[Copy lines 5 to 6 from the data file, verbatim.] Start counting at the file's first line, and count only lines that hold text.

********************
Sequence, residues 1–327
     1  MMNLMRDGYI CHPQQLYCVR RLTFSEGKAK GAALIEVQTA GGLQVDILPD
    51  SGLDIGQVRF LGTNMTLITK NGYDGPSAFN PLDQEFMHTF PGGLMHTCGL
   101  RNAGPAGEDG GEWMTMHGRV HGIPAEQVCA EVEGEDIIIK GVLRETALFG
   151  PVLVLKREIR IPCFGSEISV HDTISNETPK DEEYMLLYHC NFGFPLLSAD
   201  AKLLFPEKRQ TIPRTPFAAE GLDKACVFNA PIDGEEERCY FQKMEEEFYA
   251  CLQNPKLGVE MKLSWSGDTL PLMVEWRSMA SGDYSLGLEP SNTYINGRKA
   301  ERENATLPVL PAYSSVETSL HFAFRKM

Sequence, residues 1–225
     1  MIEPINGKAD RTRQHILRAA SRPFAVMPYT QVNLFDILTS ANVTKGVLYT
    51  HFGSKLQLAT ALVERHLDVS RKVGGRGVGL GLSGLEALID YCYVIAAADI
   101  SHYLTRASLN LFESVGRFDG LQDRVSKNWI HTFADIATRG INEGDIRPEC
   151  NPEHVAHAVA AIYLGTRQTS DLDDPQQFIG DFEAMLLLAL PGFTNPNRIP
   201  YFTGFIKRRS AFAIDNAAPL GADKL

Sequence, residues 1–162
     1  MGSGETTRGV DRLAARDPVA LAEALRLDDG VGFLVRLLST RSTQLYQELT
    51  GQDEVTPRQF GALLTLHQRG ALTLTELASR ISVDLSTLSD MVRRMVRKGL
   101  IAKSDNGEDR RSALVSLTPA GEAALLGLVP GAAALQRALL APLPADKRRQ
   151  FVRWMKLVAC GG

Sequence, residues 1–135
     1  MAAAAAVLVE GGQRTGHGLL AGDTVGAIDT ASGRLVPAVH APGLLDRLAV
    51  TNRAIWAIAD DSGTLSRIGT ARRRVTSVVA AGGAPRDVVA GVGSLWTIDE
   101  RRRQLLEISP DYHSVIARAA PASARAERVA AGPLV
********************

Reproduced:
   151  PVLVLKREIR IPCFGSEISV HDTISNETPK DEEYMLLYHC NFGFPLLSAD
   201  AKLLFPEKRQ TIPRTPFAAE GLDKACVFNA PIDGEEERCY FQKMEEEFYA